Thursday, July 22, 2010

The Droid brand by Verizon is genius

When Verizon launched the Droid, I was a bit puzzled. They came up with a brand name for a phone, which was built by Motorola. And picked a brand from the past, for which they have to pay royalties to George Lucas...

Today, I see the genius in that campaign. They are now launching more Droids, built by different device manufacturers (from HTC, for example). Reading this article, it even seems that - in the US - consumers know what Droid is, but have no idea what Android is... Part of the success of the brand is actually that it existed in the past, and it is linked to a geek phenomenon (one I will never understand, I might be the only geek in world who does not like sci-fi). I am not sure they would have been so successful, had they invented a new brand.

Why is it genius? Because the carriers are progressively being made irrelevant by device manufacturers. You buy an iPhone, not a phone from AT&T (actually, you even wish you could have it on a different carrier...). You buy a BlackBerry. You buy a Windows Mobile (really, are you sure?). You do not buy anything which is carrier specific.

Instead, now you want a Droid. A device from Verizon. Actually, not one device, a set of devices. By different manufacturers, which disappear in the marketing campaign. Yes, there is Motorola somewhere on the billboard, and also Google. But it is The Verizon Phone. The Droid.

There are a lot of Android phones, and some are way better than the original Droid. But the number of Droids sold is unbelievable. If Android is where it is, it is because of Verizon and the Droid (and the need for an answer to the iPhone, and the AT&T network sucking). The marketing campaign was an outstanding success. A carrier making the device manufacturer irrelevant.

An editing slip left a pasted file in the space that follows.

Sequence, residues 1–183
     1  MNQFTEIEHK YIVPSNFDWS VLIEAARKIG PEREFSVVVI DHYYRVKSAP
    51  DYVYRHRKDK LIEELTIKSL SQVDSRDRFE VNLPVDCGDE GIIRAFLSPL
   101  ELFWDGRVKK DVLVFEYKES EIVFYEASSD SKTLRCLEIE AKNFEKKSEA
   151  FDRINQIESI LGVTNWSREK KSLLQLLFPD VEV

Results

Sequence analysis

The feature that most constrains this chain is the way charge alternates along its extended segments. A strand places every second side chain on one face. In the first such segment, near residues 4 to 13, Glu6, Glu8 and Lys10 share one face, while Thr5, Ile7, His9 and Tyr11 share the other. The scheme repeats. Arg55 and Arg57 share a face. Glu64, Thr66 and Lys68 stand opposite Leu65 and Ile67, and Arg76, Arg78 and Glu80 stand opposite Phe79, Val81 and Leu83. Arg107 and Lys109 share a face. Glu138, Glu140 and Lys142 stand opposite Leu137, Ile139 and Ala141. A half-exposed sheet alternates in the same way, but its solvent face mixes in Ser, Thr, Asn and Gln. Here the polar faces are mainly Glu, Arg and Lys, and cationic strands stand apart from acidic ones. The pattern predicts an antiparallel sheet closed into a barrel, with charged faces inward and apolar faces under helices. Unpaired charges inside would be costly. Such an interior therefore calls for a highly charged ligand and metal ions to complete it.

Bottom line: the carriers have tried in the past to remove the manufacturers from the equation and have failed. The brands that count today are the device ones. With the Droid, Verizon has been able to turn the table around.

Apple would call this move "magical". Or "genius". I agree.

Tuesday, July 06, 2010

MeeGo? It could actually make it

In my last post, where I was commenting about Microsoft and their sequence of failures on mobile, I wrote:
if you want other companies to manufacture devices with your OS (the Windows mobile vs. the Apple model) today you need:

  1. to charge zero dollars for your OS
  2. to make your OS open source and allow your ODMs some freedom to differentiate
  3. to have a cool OS
Someone in the comments asked me: "what about MeeGo?"

Well, if you look at the list above, MeeGo passes #1 and #2 right away.

I have installed MeeGo on a laptop and the OS is really cool (including the pre-installed option to sync with Funambol just above Google ;-) Therefore, they pass #3 as well.

Does it mean they are going to make it?

There is more to an OS to be successful. You need device manufacturers, developers and users. You need all of them to be there. Users bring developers, developers bring users, device manufacturers come if there is traction: if they know there are developers and there will be users.

Who brings the device manufacturers? Intel. They are pushing MeeGo like crazy.

Who brings the users? Nokia. They have a brand in mobile that is not going to disappear that fast (despite what people say). If Nokia has a sexy phone with MeeGo, users will buy it.

Who brings the developers? The Linux Foundation. They are a trusted party in open source. The fact MeeGo is the equivalent of the root of Linux is a big factor.